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Publication Detail

Title: Cervicovaginal microbial communities deficient in Lactobacillus species are associated with second trimester short cervix.

Authors: Gerson, Kristin D; McCarthy, Clare; Elovitz, Michal A; Ravel, Jacques; Sammel, Mary D; Burris, Heather H

Published In Am J Obstet Gynecol, (2020 05)

Abstract: BACKGROUND: The cervix functions as a barrier to ascending pathogens in pregnancy. Short cervical length and lack of cervicovaginal Lactobacillus species are risk factors for spontaneous preterm birth; however, whether they interact to increase risk remains unknown. OBJECTIVE: We sought to examine the relationship between cervicovaginal microbiota and short cervix as well as their combined impact on spontaneous preterm birth risk. STUDY DESIGN: This was a secondary analysis of a prospective nested, case-control pregnancy study. Cervical swabs were collected between 16 and 20 weeks of gestation. Cervical length was measured per standard clinical care during a clinically indicated ultrasound at approximately 20 weeks of gestation. Cervicovaginal microbiota were analyzed with 16S ribosomal RNA gene sequencing and classified into community state types among 67 cases of spontaneous preterm birth, 47 cases of medically indicated preterm birth, and 358 cases of term births. Logistic regression was used to model associations of community state type IV, a community characterized by a paucity of Lactobacillus species and a wide array of anaerobic bacteria, and short cervix (<25 mm) as well as to model the association of a combination of short cervix and community state type IV with the odds of spontaneous preterm birth. RESULTS: Among the 472 women in the data set, there were 38 with short cervix (8.1%) and 177 with community state type IV (37.5%). Short cervix was associated with spontaneous preterm birth (adjusted odds ratio, 15.59; 95% confidence interval, 6.77-35.92). Women with community state type IV had higher odds of short cervix (adjusted odds ratio, 2.17; 95% confidence interval, 1.04-4.53) as well as spontaneous preterm birth (adjusted odds ratio, 1.97; 95% confidence interval, 1.06-3.65). While the interaction of community state type IV and short cervix was not significant (P = .771), women with both short cervix and community state type IV (n = 20) had higher odds of spontaneous preterm birth compared with women with both normal cervical length and community state types I, II, III, or V (n = 277) (adjusted odds ratio, 21.8; 95% confidence interval, 6.78-70.2). CONCLUSION: Community state type IV, characterized by a diverse set of strict and facultative anaerobes and a paucity of Lactobacillus species, is associated with increased odds of short cervix. Women with both community state type IV and short cervix have higher odds of spontaneous preterm birth than women with either factor alone. Determining the cascade of events leading to premature cervical shortening, including dysbiosis, may be critical in preventing spontaneous preterm birth.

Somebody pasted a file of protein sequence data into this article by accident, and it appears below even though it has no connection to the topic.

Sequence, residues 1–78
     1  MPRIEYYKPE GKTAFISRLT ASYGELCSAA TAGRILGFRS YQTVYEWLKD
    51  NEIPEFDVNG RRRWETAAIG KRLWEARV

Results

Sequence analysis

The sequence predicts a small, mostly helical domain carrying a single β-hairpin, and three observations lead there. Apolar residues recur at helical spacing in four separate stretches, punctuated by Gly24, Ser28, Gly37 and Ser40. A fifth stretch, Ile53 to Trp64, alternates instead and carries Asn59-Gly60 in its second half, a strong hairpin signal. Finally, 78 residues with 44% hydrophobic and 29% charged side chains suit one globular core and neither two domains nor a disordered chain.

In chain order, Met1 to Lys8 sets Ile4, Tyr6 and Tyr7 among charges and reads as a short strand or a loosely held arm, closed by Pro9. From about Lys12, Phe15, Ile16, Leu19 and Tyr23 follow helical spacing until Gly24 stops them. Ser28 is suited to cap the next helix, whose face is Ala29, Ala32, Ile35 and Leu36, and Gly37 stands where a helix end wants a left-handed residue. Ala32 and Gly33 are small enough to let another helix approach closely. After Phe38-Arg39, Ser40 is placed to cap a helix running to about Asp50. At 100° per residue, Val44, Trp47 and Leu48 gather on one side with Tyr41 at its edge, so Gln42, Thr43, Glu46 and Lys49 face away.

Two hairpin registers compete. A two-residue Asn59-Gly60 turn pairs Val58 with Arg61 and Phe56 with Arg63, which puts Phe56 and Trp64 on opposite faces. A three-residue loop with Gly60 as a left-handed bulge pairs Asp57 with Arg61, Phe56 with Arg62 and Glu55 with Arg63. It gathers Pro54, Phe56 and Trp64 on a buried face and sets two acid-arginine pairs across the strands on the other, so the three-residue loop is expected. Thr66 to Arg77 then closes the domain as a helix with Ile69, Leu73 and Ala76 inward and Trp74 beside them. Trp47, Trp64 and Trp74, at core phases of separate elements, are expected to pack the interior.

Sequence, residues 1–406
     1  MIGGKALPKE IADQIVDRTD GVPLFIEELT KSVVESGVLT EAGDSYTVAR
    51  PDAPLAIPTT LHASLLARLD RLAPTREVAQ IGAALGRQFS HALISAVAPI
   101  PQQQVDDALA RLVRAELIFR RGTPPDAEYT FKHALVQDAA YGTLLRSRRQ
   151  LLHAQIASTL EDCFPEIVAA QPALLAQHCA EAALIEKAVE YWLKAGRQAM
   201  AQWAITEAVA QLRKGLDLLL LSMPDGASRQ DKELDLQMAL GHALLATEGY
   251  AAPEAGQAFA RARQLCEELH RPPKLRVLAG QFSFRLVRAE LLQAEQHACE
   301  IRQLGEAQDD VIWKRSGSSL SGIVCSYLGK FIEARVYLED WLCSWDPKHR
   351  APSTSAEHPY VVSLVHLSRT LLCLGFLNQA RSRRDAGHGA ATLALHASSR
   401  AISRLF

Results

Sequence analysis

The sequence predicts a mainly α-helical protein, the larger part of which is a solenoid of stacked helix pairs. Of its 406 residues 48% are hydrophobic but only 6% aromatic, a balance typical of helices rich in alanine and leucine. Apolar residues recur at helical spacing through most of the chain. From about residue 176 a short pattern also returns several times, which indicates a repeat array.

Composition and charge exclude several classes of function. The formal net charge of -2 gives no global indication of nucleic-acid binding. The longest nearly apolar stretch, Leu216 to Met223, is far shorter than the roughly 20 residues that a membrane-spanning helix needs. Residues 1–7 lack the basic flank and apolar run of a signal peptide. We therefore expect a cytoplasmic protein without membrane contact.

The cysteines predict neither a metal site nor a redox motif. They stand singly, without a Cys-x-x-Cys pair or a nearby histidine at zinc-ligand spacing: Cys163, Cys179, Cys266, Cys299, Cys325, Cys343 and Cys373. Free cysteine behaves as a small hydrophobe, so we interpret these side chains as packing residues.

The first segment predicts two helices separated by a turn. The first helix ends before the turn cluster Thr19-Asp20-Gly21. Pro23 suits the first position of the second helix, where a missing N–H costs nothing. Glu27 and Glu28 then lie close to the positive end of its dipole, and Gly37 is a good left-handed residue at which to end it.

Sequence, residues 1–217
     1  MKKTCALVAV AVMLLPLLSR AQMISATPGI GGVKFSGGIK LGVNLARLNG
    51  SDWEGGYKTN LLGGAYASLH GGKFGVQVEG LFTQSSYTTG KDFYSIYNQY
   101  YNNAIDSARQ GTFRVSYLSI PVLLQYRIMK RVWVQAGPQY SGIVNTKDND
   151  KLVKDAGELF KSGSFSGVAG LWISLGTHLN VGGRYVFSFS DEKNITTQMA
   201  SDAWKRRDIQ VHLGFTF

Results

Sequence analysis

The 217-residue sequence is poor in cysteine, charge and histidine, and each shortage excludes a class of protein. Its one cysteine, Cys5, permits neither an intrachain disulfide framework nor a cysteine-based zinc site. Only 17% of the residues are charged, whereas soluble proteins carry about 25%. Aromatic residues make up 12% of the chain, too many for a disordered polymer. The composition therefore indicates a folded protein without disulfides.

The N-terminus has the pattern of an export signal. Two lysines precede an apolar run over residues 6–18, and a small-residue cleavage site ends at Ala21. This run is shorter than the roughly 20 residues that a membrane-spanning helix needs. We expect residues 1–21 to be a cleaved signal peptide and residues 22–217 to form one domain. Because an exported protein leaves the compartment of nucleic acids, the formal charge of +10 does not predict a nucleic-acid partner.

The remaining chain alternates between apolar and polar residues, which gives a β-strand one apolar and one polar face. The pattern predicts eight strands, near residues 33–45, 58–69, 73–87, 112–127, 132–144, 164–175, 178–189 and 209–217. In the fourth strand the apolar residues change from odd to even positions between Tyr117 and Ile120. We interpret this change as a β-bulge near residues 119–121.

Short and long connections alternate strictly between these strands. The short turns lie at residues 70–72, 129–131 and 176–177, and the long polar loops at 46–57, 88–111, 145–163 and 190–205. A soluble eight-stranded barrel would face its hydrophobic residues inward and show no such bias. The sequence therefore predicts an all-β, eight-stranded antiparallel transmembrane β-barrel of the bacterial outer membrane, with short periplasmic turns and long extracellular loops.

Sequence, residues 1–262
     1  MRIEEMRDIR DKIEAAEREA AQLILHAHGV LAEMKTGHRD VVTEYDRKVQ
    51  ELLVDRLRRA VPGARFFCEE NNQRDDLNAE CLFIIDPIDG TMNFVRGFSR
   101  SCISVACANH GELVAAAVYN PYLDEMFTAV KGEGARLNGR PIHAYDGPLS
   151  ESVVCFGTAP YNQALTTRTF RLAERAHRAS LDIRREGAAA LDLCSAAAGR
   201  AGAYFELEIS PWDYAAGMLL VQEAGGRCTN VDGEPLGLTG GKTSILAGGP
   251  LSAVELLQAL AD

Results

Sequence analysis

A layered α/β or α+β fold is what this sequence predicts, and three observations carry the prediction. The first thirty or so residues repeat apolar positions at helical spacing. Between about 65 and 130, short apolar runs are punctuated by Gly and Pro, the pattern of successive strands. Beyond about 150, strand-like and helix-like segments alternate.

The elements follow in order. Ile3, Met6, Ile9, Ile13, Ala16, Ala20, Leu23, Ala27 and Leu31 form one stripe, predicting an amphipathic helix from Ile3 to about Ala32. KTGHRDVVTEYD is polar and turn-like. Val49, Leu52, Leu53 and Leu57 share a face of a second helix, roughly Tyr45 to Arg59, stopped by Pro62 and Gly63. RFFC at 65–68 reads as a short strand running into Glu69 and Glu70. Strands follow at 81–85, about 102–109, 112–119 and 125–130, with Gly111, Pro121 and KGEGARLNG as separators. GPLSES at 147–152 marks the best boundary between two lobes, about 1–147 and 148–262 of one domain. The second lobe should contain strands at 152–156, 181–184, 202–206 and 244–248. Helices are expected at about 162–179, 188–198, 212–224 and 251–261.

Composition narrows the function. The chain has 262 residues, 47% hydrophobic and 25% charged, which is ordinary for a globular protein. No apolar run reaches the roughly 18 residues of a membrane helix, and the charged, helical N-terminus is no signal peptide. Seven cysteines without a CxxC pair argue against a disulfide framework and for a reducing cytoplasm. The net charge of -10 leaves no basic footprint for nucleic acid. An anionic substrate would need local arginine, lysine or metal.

PubMed ID: 31816307 Exiting the NIEHS site

MeSH Terms: Adult; Case-Control Studies; Cervical Length Measurement; Cervix Uteri/diagnostic imaging*; Cervix Uteri/microbiology*; Female; Humans; Lactobacillus/isolation & purification*; Microbiota; Pregnancy; Pregnancy Trimester, Second*; Ultrasonography, Prenatal; Vagina/diagnostic imaging; Vagina/microbiology*; Young Adult

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